Different focal lengths of lenses are grouped together to describe their functions. In general, lenses will be a form of either wide-angle, standard, or telephoto. Here are the accepted focal length brackets for each type of lens:
Super wide-angle < 21mm
Super telephoto 135mm-300mm +
Do bear in mind that these are just general guidelines and that the brackets do overlap a little at each end – particularly depending on what manufacturer’s lens you are using.
What would you use these different lenses for? Obviously, you can choose to use a lens for any purpose but here are some guidelines to follow, as a general rule of thumb. Super wide-angle lenses tend to be used for architecture, wide-angles for landscapes, standards for documentary and street, telephotos for portraits and super telephotos for wildlife, birds and sports.
Key Lesson: When you’re using heavier and longer telephoto lenses make sure you use a fast enough shutter speed to counter any lens and camera shake. As a general guide it’s advisable to use a shutter speed equal to or faster than the focal length of your lens. So, for a 200mm lens we’d recommend using a shutter speed of 1/200th or faster.
As well as the standard range of lenses on the market, you’ll also find a variety of specialist lenses. Some of the most popular include macro lenses, which allow you to focus closer to an object than with a normal lens and give a 1:1 ratio. Tilt and Shift lenses are designed for architectural photography and have small bellows built into them to allow you to correct for perspective. And fisheye lenses are on the edge of wide-angle lenses, giving a distorted and curved view of your subject matter.
Sensor size and lenses
A full frame camera has a digital sensor that is the same size as a 35mm negative. But camera manufacturers also make other sensor sizes with the most common being APS-C and Micro 4/3rds. These cameras are cheaper than full frame cameras and are widely used – both by consumers and pros.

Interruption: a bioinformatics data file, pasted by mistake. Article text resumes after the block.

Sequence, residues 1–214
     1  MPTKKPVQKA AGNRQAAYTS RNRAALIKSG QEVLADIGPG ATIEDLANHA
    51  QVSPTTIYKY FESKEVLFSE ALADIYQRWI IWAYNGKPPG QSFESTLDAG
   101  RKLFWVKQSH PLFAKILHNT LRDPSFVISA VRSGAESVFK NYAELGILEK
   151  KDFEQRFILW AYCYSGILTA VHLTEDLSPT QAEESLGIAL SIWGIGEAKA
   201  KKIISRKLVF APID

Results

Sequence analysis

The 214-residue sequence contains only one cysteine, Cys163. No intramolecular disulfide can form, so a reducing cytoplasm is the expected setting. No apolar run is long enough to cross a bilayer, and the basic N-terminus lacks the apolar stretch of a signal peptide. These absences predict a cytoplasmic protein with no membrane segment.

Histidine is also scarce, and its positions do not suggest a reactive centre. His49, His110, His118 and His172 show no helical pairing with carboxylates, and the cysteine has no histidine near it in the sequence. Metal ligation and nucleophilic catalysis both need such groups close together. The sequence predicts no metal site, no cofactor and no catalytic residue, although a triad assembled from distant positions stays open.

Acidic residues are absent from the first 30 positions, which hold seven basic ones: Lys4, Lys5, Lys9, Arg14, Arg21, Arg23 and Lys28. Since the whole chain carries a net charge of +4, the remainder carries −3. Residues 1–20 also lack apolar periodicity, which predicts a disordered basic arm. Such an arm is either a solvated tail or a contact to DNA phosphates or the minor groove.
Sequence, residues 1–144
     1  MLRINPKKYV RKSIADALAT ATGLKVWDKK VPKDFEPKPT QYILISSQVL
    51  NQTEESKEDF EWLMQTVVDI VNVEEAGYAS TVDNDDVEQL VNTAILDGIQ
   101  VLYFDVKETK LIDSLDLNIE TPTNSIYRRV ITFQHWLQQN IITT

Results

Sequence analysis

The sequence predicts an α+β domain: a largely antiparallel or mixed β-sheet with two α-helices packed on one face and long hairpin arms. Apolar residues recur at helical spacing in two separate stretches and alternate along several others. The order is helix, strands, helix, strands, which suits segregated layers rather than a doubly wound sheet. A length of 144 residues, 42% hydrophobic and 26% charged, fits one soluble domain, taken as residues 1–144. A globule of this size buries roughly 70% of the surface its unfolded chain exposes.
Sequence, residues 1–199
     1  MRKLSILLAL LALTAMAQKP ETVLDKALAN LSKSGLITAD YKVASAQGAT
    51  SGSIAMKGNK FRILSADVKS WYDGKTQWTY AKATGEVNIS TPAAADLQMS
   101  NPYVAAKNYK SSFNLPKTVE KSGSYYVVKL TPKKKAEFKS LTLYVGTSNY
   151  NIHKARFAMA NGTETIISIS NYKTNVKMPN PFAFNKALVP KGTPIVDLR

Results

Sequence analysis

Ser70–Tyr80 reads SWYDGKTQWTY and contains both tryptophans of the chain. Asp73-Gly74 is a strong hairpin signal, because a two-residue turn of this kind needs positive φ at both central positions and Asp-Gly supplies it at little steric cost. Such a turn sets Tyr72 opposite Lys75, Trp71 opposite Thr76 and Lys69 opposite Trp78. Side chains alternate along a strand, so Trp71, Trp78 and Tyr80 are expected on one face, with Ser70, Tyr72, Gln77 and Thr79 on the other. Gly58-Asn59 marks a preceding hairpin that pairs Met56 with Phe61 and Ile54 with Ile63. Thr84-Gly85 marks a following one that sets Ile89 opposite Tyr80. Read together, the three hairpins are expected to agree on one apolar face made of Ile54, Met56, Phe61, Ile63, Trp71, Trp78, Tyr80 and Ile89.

You do need to be aware that these different sensor sizes do have an effect on the perceived focal length of your lenses as they change your field of view. So, to work out the equivalent focal length you’ll be seeing, you need to multiply your lens’ focal length. This will either be by 1.5 or 1.6 for APS-C cameras (depending on the manufacturer) or by 2 for Micro 4/3rds. For example a 50 mm lens will give you the equivalent field of view of a 75mm, 80mm or 100mm lens, depending on the camera you’re using.
As you’ll probably be able to work out, this can actually be quite useful when you’re using super telephoto lenses as you’re essentially gaining without spending more money! However, it’s a bit more of a problem at the wide-angle end of the lens range. Fortunately manufacturers have acknowledged this problem and most make specific lenses designed for crop sensor cameras (for example Canon make a 10-22mm lens that only fits on their APS-C cameras and gives you an equivalent field of view of 16mm at the wide-angle end).
Good quality lenses are a key investment for your photography. Make sure you understand all the terminology that I’ve discussed in this article and do your research on any specific lenses you want to buy. Remember that cameras are improving and changing all the time, but a decent lens will last you forever if you treat it well!
Key Lesson: Whatever lens you invest in, please make sure that you protect it with a high quality super slim UV filter. These clear filters don’t make any changes to your image, will cut out UV rays from the sun and, most importantly, will protect your lens if you drop it. Replacing a filter will be far cheaper than replacing a lens!
- What is a prime lens?
- What is a zoom lens?
- What might you use a super telephoto lens for?
- What does a macro lens do?
- What effect do different sensor sizes have on your field of view?
Cover Photo by Hunter Moranville